I’ve been thinking about sprites lately–no, not those kind–and why I absolutely love them, mainly to the point where a new game in 2011 with classic spritework is much more appealing to me than, say, just another modern title with all the latest tech, such as fancy lighting, particle effects, draw distance, and so on. Yup, even more than Elder Scrolls V: Skyrim. It’s hard to say if it’s all based on nostalgia or if it’s the artist in me appreciating that these moving images and interactive items on-screen were hand-crafted to be as is, to be simple yet recognizable, to still be able to stir emotions.
For nostalgia’s sake, I definitely grew up on sprite-based games. Earthbound, Super Metroid, The Legend of Zelda: A Link to the Past, Secret of Evermore, Mega Man X3, NHL ’94, Breath of Fire II, Secret of Mana–really, the list could go on. Blame this on the fact that the SNES was my first console ever, and that I ate up a lot of games on it. It’s where I became a gamer, grew my skills; I knew only sprites, and I had a hard time letting go. I think a lot of us did.
One of the first games I ever played on my PlayStation 1 was Beyond the Beyond, a strangely named RPG that I had rented for a few days. It tells the story of Finn, a young, unexperienced knight caught up in an ancient war between the Beings of Light and the Warlocks of the Underworld. Fairly traditional, and not just in story–the game, despite being released on an advanced console, looked like something one would play on their SNES. I was excited about this. I wasn’t ready for the future, for 3D gaming, for stuff like Battle Arena Toshinden and movable cameras. It wasn’t a great game, but it looked like what I had already learned to love, and that was enough for me to give it a try. I also fell hard for Suikoden and Suikoden II on the PlayStation, both of which feature gorgeous spritework paired with fantastic tunes.
When I moved on to the PlayStation 2, there were significantly less sprite-based games for that system. Maybe because that console had finally gotten a strong grasp on 3D gaming. A few still got my attention. Odin Sphere was repetitive as hecktown, but dang is it a beauty to behold. Marvel VS. Capcom 2 got a lot of play at friends’ houses. Can’t really think of others, unfortunately.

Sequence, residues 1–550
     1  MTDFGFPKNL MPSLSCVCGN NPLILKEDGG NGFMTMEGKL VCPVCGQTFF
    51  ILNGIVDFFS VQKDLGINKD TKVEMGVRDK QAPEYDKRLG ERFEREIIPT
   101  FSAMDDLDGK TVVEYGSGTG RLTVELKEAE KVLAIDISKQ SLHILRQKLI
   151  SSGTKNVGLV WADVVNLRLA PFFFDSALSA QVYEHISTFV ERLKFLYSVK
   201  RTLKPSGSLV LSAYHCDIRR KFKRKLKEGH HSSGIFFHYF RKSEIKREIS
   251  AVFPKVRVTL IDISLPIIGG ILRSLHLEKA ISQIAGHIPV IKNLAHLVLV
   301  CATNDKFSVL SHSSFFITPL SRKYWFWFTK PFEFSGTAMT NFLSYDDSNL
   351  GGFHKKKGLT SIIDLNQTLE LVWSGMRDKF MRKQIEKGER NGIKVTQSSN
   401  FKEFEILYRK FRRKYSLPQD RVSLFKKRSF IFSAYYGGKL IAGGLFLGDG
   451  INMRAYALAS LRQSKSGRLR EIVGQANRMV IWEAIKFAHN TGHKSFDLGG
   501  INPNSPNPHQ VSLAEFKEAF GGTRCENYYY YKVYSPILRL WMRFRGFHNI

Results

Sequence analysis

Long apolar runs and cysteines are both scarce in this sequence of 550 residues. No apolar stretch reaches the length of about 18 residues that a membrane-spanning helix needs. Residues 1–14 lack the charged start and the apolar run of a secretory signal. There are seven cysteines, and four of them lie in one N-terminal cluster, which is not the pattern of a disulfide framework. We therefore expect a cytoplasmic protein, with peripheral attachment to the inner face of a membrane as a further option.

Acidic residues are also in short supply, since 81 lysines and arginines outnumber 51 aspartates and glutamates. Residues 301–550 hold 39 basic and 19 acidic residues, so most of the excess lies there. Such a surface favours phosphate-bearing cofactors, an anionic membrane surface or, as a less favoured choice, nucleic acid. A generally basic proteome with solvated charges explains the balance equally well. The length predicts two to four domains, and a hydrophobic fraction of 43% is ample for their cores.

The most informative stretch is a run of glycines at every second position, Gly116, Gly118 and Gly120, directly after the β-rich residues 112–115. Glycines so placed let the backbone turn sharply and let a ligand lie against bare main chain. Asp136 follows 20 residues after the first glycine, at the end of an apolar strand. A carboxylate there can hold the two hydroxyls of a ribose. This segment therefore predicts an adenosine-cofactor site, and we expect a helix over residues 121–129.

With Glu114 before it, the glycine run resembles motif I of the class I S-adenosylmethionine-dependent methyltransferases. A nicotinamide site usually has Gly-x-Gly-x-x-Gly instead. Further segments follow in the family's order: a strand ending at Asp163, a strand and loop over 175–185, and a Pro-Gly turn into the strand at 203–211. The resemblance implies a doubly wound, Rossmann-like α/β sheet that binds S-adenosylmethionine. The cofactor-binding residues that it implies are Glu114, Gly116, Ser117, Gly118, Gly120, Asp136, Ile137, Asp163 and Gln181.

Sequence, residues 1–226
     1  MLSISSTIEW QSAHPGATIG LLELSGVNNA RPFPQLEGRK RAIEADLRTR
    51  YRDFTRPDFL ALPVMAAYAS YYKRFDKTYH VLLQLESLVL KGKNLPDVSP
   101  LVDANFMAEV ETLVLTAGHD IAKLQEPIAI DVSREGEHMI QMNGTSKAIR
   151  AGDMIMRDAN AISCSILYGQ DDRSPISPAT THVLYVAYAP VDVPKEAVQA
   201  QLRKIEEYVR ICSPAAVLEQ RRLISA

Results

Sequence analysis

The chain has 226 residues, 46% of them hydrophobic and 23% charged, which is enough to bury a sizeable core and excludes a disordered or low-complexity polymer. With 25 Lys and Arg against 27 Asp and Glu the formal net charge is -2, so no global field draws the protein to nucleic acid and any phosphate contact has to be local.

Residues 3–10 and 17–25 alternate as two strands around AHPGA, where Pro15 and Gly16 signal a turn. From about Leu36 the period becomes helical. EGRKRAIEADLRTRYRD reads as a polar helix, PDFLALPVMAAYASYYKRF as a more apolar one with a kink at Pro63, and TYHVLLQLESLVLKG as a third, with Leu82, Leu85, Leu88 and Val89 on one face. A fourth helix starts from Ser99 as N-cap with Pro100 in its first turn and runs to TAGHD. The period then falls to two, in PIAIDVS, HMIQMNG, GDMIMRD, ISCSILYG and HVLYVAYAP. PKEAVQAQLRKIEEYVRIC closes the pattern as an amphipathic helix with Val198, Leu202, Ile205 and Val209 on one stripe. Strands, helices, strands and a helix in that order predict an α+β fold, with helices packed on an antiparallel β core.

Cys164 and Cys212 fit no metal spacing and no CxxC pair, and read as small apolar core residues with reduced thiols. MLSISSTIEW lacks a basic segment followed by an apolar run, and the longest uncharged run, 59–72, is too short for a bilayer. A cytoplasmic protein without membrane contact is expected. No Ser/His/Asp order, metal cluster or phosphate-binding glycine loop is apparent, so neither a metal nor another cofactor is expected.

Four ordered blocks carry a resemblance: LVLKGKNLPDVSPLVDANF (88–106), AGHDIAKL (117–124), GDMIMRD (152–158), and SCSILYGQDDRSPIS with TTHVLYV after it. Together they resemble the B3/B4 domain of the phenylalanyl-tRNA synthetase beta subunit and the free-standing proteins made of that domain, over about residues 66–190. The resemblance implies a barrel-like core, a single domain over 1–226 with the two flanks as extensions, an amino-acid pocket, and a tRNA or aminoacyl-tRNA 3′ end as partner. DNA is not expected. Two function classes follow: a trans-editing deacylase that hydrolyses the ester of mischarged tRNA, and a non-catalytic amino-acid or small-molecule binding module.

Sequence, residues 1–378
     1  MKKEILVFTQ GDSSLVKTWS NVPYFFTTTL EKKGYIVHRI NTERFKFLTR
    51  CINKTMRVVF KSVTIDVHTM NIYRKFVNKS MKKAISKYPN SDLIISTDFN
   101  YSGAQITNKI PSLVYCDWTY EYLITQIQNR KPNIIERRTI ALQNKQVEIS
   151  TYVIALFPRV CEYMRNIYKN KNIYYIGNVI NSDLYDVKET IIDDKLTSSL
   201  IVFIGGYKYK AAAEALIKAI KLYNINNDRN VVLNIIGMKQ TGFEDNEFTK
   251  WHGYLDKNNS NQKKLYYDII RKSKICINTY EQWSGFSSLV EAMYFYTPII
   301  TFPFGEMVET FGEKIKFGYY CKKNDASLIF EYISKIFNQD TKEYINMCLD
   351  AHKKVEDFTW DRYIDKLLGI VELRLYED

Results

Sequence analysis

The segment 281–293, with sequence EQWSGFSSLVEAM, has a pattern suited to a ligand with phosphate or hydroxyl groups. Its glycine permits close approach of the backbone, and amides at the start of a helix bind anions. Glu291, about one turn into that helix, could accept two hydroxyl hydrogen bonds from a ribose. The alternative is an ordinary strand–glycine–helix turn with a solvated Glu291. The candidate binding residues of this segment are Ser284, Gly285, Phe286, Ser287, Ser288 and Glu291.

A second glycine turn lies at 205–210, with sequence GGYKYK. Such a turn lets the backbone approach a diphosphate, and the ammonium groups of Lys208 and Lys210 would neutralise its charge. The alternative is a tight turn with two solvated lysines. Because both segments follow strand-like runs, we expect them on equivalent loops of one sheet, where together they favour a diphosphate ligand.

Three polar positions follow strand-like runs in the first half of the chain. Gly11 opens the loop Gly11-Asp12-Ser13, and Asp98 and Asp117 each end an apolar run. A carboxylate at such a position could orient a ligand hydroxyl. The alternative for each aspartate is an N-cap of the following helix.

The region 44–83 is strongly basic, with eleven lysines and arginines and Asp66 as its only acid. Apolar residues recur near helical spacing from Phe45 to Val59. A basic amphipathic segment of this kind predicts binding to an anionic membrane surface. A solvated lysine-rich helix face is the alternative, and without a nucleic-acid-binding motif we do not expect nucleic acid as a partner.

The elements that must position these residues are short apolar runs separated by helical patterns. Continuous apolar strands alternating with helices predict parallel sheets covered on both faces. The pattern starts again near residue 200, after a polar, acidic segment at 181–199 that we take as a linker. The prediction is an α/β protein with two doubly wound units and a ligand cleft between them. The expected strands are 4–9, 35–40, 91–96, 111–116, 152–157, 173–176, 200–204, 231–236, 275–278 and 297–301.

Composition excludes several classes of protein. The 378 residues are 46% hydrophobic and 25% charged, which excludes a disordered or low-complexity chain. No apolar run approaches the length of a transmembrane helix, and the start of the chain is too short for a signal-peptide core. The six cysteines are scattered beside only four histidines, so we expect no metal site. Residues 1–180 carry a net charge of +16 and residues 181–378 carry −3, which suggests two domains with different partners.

I’ve recently picked Chrono Trigger back up on the Nintendo DS and am enjoying traveling through time again, even if I’m rubbish at it. This is a game that’s eternal. It looks fabulous, just as it had when it released in August 1995, just as it will in twenty more years, and another thirty after that. These sprites are colorful and charismatic, eye-catching, easy to get. Only can sprites make a giant tick-boss look freaking amazing.
And now, in the current era of gaming systems–Xbox 360, PlayStation 3, Nintendo DS/Nintendo 3DS–I’m still always on the lookout for good ol’ sprite-based games. And they are still coming out, especially on the handhelds sideline. Really looking forward to Professor Layton’s London Life, which is a bonus add-on for Professor Layton and the Last Specter, coming out this October. It’ll be unlocked from the start, promises over 100 hours of gameplay, and basically screams, “Hey, you like Earthbound? Here’s a new Earthbound!” Mmm mmm, looks delicious.
I dunno. Maybe it is just the artist in me appreciating art over connect polygons. Maybe it’s seeing something that can last a lifetime and beyond. Maybe I just miss being a kid, holed up in my room, a SNES my closest and most constant friend. Do you love sprites or new games still rocking sprites? If so, why? Speak up, Grinding Down readers. Maybe we can get to the bottom of this.
My first reaction to this was, “There are games that are not illustrated used sprites?!”…I mean sure, I’ve played a few, but to me the real ones of quality are the sprite-based ones you mentioned, plus several others. I still play them as ROMs, and don’t really care about the games that came out after about 1999. Those Professor Layton ones look pretty cool, though.
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